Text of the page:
|Title||Trauma and Transcience in Old English Poetry and Its Influence|
|Date/Time||Wednesday 7 July 2021: 16.30-18.00|
|Organiser||IMC Programming Committee|
|Moderator/Chair||Elma Brenner, Wellcome Collection, London|
|Paper 1302-a||The Privilege of History and Hero-Making in Beowulf
Kortney Stern, Department of English, Indiana University, Bloomington
Index Terms: Folk Studies; Gender Studies; Genealogy and Prosopography; Language and Literature - Old English
|Paper 1302-b||The Wanderer and Mental Wounds: Post-Traumatic Stress Disorder in Early English Culture
Chad White, Department of History, University of Louisville, Kentucky
Index Terms: Gender Studies; Language and Literature - Old English; Military History; Social History
|Paper 1302-c||Enta geweorc, the Work of the Giants: Tolkien, The Ruin, and Ruins from Early Medieval England
Gesner Las Casas Brito Filho, Instituto de Filosofia e Ciências Humanas, Universidade Estadual de Campinas
Index Terms: Architecture - General; Language and Literature - Old English; Manuscripts and Palaeography; Medievalism and Antiquarianism
While Beowulf is certainly a poem about heroic feats and battle victories, it is also a narrative about anxieties surrounding the production of story and heroes. Striving for the unattainable role of hero, Beowulf fails, and in his failure, I argue, he produces a tale of trauma. Beowulf's glorified account of silencing and exaggerated violence only becomes visible by separating Grendel's Mother from her gender as woman and her role as mother. No longer solely a vehicle for reproduction, we can clearly see that Beowulf draws attention to Grendel's Mother's maternity in order to veil his own problematic role as producer. Beowulf desires to have sole control of the text, to be the sole creator, so, I claim, he eradicates the only opposition in his path, Grendel's Mother. Upon her death, Beowulf utilizes his power as story teller to create his final 'heroic' narrative, a narrative that departs from the narrator's version of the evenly matched fight between Beowulf and Grendel's Mother. In Beowulf's account to Hrothgar, he chooses to silence Grendel's Mother by removing her body and her voice from his narration. In his second retelling, Beowulf describes a gruesome beheading to Hygelac, which never took place. While each version of Beowulf's tale could be remembered as heroic, this paper aims to draw attention to these moments of curated heroism in order to highlight the ways in which Beowulf exposes the dangers and fundamentally fraught nature of storytelling and the heroes storytellers produce.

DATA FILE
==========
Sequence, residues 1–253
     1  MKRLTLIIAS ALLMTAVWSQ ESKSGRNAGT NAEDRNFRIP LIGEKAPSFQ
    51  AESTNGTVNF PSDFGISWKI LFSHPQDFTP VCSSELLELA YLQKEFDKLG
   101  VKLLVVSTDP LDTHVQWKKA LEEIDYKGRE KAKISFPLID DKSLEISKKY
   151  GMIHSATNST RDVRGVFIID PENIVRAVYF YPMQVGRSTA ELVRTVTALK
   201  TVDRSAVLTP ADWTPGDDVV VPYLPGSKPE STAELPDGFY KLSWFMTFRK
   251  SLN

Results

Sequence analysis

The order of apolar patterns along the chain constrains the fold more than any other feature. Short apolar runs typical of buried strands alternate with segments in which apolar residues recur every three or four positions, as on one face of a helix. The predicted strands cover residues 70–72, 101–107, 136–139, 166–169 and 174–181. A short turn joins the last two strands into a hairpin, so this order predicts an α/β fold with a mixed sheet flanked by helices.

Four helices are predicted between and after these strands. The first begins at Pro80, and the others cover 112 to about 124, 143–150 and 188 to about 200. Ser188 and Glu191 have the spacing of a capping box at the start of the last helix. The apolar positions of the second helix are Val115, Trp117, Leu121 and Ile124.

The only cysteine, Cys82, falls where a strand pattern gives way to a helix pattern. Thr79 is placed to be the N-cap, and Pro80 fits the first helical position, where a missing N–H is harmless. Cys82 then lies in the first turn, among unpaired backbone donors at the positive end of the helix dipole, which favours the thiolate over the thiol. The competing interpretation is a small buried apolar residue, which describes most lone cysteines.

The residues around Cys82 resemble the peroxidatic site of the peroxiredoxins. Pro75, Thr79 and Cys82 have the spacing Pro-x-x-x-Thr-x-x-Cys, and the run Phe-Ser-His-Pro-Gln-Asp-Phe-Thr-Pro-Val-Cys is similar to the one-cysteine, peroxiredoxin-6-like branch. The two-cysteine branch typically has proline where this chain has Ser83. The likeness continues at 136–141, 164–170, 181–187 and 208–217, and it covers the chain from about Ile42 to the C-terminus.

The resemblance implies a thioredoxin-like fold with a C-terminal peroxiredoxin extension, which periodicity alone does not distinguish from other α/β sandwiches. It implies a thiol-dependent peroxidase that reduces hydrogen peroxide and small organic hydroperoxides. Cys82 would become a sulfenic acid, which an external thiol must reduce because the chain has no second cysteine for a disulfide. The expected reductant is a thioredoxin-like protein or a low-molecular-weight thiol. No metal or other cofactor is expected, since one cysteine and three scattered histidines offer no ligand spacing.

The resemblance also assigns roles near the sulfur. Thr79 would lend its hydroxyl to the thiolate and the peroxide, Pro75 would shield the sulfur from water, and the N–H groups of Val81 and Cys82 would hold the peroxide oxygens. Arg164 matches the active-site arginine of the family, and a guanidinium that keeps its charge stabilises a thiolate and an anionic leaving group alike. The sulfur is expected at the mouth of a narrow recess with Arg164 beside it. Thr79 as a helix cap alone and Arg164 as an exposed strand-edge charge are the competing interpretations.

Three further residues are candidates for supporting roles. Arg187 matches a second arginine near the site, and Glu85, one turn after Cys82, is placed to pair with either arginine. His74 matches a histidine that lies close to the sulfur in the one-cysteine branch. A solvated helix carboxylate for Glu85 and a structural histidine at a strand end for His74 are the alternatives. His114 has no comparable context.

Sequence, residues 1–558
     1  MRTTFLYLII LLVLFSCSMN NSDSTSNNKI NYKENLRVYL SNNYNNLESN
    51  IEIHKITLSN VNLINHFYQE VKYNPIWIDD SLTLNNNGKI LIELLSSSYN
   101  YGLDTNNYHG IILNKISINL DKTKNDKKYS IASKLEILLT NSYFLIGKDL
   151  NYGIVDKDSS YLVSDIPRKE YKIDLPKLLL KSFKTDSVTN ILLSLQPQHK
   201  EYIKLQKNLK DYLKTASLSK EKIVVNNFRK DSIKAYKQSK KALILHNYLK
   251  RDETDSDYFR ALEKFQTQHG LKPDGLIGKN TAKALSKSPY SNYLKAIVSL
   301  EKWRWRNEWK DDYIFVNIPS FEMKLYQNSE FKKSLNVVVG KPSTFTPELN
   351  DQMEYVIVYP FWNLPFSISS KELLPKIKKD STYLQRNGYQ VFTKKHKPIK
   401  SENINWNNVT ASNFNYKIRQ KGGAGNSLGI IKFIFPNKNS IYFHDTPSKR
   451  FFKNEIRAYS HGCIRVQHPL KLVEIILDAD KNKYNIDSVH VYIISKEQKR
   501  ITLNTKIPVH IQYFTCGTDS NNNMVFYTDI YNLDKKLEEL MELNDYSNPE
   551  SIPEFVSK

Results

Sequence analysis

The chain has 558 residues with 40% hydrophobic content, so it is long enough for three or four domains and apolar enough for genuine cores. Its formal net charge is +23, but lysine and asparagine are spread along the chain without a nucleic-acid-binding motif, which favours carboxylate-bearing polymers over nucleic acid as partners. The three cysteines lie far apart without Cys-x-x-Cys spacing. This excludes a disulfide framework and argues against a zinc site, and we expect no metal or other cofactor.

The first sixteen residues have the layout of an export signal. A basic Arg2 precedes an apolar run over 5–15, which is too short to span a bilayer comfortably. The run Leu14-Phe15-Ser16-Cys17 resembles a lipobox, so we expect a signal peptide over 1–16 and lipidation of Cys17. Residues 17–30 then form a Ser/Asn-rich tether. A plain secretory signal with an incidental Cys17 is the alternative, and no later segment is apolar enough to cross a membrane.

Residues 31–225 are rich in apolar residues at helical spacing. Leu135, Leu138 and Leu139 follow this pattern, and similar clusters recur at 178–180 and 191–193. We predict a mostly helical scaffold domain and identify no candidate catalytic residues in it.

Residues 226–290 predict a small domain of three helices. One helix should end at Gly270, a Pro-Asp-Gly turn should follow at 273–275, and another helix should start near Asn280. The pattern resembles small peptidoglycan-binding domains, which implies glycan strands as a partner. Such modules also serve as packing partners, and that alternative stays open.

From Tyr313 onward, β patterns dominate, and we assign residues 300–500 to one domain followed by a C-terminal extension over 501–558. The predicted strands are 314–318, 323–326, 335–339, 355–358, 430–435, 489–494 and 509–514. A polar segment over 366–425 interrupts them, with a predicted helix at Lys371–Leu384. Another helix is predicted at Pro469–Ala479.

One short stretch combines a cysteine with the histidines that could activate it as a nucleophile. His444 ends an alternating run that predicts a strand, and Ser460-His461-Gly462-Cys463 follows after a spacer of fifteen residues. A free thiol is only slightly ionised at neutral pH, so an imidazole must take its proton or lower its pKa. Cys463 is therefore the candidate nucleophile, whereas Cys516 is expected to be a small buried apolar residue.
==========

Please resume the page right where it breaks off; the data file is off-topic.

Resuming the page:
In the Old English elegy, The Wanderer, the protagonist roams a storm-battered seashore, alone and bereft of his liege lord, warband, and male companionship. From the descriptions of harsh weather to the conclusion the character explores Anglo-Saxon idealized masculinity, lordship in Early English Society, and experiences survivor's guilt after a battle. I argue that The Wanderer is an account of the psychological trauma experienced by the subject of the poem akin to what modern soldiers experience today branded as Post-Traumatic Stress Disorder. I posit that this poem could have been used as a counseling tool or an allegorical tale to help men in a society at near-constant warfare in the Viking Age.
J. R. R. Tolkien is known today as one of the most celebrated author of a genre called medieval fantasy. His books, as Lord of The Rings and The Hobbit are influential in all spheres of pop culture. However, in addition, Tolkien had a successful career as an academic, philologist and Anglo-Saxonist. The aim of this work is to analyse how the ruins (ancient Roman constructions) and ruin (the idea of a civilisation decaying), elements present in the art and literature of Anglo-Saxon England, were interpreted and remodelled by Tolkien in his fantasy writing and in his work as an academic.